The land behind the land behind Baghdad: archaeological landscapes of the Upper Diyala (Sirwan) River Valley

Casana, J. and Glatz, C. (2017) The land behind the land behind Baghdad: archaeological landscapes of the Upper Diyala (Sirwan) River Valley. Iraq, 79, pp. 47-69. (doi: 10.1017/irq.2017.3)

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Abstract

While the Diyala (Kurdish Sirwan) River Valley is storied in Near Eastern archaeology as home to the Oriental Institute’s excavations in the 1930s as well as to Robert McC. Adams’ pioneering archaeological survey, The Land Behind Baghdad, the upper reaches of the river valley remain almost unknown to modern scholarship. Yet this region, at the interface between irrigated lowland Mesopotamia and the Zagros highlands to the north and east, has long been hypothesized as central to the origins and development of complex societies. It was hotly contested by Bronze Age imperial powers, and offered one of the principle access routes connecting Mespotamia to the Iranian Plateau and beyond. This paper presents an interim report of the Sirwan Regional Project, a regional archaeological survey undertaken from 2013–2015 in a 4000 square kilometre area between the modern city of Darbandikhan and the plains south of Kalar. Encompassing a wide range of environments, from the rugged uplands of the Zagros front ranges to the rich irrigated basins of the Middle Diyala, the project has already discovered a wealth of previously unknown archaeological sites ranging in date from the Pre-Pottery Neolithic through the modern period. Following an overview of the physical geography of the Upper Diyala/Sirwan, this paper highlights key findings that are beginning to transform our understanding of this historically important but poorly known region.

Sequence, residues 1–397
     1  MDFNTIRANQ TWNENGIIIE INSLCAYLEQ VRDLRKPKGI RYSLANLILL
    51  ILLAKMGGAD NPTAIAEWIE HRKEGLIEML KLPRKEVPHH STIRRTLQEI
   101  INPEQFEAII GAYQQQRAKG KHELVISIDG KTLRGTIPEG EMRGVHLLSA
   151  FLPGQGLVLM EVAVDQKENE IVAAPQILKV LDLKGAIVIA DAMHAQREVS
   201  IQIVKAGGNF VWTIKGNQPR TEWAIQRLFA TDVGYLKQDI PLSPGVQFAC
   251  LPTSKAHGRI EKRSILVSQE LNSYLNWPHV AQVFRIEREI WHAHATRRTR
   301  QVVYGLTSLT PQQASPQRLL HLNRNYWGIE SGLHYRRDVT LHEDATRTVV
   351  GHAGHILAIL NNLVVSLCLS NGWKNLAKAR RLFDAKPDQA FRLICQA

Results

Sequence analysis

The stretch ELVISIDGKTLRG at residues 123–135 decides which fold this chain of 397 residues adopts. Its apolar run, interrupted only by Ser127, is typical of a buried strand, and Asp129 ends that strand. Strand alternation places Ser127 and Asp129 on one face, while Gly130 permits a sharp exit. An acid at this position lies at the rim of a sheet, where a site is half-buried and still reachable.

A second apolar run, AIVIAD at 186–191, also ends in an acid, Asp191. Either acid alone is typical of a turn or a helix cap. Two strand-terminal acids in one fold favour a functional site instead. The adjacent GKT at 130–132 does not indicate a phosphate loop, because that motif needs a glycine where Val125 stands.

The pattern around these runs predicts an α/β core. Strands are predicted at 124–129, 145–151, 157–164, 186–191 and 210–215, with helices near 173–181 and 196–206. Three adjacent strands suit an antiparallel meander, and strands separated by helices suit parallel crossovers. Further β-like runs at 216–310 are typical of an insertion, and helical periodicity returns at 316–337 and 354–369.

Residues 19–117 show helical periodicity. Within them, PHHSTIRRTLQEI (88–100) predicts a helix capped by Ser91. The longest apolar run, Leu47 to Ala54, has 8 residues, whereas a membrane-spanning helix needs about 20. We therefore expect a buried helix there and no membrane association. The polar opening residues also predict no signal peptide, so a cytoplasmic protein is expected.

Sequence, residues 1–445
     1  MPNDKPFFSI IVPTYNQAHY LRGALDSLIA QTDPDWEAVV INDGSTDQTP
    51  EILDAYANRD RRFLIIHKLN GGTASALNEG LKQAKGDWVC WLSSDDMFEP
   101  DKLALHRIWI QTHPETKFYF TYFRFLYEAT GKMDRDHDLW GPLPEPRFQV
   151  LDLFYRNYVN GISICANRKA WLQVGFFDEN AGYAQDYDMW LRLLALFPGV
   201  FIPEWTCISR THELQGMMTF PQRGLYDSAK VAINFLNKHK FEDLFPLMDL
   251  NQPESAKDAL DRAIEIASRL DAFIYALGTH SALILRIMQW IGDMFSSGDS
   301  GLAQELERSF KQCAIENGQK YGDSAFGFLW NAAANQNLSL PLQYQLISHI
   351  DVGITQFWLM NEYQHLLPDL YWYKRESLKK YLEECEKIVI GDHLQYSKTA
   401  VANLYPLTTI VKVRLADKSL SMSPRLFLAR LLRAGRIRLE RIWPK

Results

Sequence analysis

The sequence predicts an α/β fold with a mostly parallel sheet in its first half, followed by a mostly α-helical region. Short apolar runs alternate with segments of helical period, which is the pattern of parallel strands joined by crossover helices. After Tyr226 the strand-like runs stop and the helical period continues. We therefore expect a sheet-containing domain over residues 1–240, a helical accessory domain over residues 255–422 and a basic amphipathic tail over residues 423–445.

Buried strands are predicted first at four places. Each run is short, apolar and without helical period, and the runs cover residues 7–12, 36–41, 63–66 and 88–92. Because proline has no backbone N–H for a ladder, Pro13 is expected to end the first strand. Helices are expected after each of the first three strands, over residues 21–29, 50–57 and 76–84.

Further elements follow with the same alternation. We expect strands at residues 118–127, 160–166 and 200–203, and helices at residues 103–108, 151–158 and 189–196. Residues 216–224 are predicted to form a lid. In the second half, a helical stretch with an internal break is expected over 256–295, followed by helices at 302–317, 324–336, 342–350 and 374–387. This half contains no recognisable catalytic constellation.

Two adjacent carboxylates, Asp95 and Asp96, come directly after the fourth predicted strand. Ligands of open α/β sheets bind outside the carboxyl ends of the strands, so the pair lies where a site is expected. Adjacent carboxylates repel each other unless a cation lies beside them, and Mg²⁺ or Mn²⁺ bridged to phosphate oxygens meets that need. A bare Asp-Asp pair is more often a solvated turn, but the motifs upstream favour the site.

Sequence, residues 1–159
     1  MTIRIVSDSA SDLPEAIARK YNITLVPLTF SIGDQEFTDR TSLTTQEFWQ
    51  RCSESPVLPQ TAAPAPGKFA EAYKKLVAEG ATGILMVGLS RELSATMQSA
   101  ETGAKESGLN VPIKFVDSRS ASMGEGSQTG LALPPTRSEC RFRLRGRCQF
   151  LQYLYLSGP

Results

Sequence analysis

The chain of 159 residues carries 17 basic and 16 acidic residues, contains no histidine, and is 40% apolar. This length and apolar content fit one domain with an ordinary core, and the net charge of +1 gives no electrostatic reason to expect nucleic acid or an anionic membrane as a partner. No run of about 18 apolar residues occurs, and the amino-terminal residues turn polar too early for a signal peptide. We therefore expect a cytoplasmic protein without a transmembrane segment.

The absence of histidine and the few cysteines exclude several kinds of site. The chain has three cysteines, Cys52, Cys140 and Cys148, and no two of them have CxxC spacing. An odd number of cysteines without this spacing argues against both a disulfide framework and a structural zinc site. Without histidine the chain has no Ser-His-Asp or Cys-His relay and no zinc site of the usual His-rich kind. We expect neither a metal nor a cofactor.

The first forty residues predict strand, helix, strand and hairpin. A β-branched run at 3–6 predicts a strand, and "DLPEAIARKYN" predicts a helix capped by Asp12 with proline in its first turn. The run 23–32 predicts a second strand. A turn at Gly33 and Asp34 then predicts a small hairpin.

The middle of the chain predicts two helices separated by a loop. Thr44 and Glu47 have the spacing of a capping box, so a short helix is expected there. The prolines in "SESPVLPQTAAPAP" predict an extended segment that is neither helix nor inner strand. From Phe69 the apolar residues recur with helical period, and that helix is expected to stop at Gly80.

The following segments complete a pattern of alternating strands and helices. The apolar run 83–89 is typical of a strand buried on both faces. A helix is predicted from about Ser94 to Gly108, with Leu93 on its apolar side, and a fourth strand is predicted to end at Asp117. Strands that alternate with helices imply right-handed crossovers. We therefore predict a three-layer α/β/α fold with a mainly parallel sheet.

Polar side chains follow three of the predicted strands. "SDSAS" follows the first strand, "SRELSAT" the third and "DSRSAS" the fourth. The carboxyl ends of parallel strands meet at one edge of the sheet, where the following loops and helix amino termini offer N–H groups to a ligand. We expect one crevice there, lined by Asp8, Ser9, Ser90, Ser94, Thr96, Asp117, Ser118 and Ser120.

Item Type:Articles
Status:Published
Refereed:Yes
Glasgow Author(s) Enlighten ID:Glatz, Professor Claudia
Authors: Casana, J., and Glatz, C.
Subjects:C Auxiliary Sciences of History > CC Archaeology
College/School:College of Arts > School of Humanities > Archaeology
Journal Name:Iraq
Publisher:Cambridge University Press
ISSN:0021-0889
ISSN (Online):2053-4744
Published Online:08 May 2017
Copyright Holders:Copyright © 2017 The British Institute for the Study of Iraq
First Published:First published in Iraq 79: 47-69
Publisher Policy:Reproduced in accordance with the publisher copyright policy

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